In a recent announcement, the U.S. House of Representatives is set to have its Judiciary Committee vote on the MORE Act next week.
The MORE Act, also known as the Marijuana Opportunity Reinvestment and Expungement Act, decriminalizes marijuana by removing “marijuana from the list of scheduled substances under the Controlled Substances Act and eliminates criminal penalties for an individual who manufactures, distributes, or possesses marijuana.”
The bill also makes the following changes, according to the legislation’s summary:
- replaces statutory references to marijuana and marihuana with cannabis,
- requires the Bureau of Labor Statistics to regularly publish demographic data on cannabis business owners and employees,
- establishes a trust fund to support various programs and services for individuals and businesses in communities impacted by the war on drugs,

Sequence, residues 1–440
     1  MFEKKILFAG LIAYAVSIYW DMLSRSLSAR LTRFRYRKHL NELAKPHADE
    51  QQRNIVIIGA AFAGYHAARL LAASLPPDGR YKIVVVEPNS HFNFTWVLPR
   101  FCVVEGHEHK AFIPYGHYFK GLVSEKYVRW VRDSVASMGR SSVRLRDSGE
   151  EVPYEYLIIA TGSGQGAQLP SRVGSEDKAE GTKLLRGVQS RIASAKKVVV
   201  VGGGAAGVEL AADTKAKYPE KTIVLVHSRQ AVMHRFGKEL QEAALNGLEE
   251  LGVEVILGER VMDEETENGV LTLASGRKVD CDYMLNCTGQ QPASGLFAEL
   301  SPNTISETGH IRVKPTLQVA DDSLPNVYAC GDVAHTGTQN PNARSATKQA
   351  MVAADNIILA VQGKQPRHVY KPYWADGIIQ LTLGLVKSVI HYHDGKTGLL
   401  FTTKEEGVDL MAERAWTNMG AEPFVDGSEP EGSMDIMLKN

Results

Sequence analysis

- imposes a 5% tax on cannabis products and requires revenues to be deposited into the trust fund,
- makes Small Business Administration loans and services available to entities that are cannabis-related legitimate businesses or service providers,
- prohibits the denial of federal public benefits to a person on the basis of certain cannabis-related conduct or convictions,
- prohibits the denial of benefits and protections under immigration laws on the basis of a cannabis-related event (e.g., conduct or a conviction),
- establishes a process to expunge convictions and conduct sentencing review hearings related to federal cannabis offenses, and
- directs the Government Accountability Office to study the societal impact of cannabis legalization.
If passed by the House Judiciary Committee, the MORE Act will require a waiver by various House committees in order to receive a vote on the floor of the House.